domingo, 27 de mayo de 2012

California considers DNA privacy law : Nature News & Comment

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California considers DNA privacy law : Nature News & Comment

California considers DNA privacy law

Academic researchers fear measures would prohibit work with genetic databases.
California lawmakers are weighing a bill aimed at protecting their state's citizens from surreptitious genetic testing but scientists are voicing their growing concerns that, if passed, such a law would have a costly and damaging effect on research.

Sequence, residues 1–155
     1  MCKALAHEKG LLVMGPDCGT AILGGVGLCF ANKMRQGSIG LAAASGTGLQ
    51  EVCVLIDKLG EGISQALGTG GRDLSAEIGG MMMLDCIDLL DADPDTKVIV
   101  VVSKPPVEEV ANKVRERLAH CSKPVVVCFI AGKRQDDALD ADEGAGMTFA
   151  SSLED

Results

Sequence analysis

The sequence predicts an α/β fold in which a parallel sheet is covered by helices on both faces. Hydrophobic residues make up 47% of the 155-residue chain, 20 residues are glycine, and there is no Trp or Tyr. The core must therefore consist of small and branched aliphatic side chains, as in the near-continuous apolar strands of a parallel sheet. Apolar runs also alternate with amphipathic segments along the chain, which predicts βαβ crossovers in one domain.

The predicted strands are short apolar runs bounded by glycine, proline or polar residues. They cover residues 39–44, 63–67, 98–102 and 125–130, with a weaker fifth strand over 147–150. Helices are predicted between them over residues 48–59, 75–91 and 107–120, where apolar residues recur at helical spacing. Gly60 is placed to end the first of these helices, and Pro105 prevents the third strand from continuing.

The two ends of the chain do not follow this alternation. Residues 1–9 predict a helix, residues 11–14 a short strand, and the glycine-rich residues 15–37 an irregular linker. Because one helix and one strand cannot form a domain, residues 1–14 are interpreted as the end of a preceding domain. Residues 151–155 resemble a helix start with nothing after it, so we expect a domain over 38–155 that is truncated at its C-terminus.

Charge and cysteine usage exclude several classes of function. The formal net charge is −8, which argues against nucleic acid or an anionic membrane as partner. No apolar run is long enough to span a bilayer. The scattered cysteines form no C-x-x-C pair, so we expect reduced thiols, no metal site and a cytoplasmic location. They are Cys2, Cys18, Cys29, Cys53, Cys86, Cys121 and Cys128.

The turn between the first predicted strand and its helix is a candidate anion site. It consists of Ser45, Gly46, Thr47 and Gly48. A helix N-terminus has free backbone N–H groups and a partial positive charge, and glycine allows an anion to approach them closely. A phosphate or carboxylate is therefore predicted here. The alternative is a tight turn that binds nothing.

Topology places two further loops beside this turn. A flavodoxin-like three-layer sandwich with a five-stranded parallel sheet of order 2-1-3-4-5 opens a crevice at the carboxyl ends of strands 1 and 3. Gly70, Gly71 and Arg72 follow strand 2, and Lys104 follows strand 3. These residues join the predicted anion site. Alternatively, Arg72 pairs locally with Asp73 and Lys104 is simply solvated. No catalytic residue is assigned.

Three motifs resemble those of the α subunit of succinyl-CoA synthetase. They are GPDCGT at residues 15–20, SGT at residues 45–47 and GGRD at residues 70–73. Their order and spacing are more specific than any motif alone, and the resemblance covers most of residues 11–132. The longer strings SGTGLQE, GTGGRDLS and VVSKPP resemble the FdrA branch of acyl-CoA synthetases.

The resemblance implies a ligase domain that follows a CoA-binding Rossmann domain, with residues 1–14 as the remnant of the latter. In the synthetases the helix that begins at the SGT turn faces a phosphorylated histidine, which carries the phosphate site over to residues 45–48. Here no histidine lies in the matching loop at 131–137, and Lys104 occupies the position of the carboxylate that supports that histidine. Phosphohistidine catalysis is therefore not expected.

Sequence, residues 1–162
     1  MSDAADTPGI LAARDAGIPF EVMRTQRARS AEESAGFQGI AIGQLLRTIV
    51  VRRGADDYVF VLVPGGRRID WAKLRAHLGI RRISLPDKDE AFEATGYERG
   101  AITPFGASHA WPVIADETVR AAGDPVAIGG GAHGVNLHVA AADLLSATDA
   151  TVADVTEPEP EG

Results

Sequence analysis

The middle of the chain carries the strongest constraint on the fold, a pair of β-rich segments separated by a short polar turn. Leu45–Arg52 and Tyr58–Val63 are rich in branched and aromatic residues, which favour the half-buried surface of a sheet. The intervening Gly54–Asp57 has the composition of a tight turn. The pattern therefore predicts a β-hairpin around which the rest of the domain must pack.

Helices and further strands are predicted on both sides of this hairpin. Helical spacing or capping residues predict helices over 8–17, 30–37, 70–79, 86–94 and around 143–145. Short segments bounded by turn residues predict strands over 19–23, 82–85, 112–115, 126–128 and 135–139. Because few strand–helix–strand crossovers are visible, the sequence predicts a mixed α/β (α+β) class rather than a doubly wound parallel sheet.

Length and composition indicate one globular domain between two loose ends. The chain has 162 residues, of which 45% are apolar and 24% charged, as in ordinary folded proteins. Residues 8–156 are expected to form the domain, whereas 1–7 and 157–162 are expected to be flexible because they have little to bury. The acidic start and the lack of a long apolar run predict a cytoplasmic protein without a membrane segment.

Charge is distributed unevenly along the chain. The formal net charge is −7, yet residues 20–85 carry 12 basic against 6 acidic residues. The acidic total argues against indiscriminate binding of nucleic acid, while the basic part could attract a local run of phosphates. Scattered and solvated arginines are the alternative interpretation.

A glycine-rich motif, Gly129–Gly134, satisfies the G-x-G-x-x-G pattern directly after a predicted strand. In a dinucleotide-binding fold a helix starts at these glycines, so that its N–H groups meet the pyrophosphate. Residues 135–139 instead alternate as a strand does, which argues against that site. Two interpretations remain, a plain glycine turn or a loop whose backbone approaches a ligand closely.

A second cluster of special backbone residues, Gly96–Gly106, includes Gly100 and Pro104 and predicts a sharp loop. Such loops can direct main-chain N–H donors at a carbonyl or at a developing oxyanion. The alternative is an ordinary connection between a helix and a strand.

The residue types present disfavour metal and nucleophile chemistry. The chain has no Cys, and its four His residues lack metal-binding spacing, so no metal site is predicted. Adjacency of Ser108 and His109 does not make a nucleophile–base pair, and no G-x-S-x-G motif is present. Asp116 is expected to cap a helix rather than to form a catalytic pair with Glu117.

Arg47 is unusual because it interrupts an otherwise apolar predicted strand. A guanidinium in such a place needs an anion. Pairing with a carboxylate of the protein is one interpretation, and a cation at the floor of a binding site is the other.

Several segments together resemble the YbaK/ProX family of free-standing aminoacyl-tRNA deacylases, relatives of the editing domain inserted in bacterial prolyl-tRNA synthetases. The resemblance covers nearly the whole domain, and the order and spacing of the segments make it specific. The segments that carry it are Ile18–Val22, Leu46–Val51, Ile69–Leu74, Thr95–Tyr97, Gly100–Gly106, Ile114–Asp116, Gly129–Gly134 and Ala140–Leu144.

The bill, dubbed the Genetic Information Privacy Act, would require an individual’s written consent for the collection, analysis, retention, and sharing of his or her genetic information—including DNA, genetic test results, and even family disease history.
Genetic information's use and ownership are the subjects of laws proposed in at least five US states over the past year. 
“It’s becoming easier and quicker and cheaper for people to obtain their genetic profile or genetic information,” says the bill’s author, California state Senator Alex Padilla. “It’s such sensitive and personal information that it ought to be protected,” he says. Padilla also authored an earlier bill, enacted in January, which extended federal protections against genetic discrimination.

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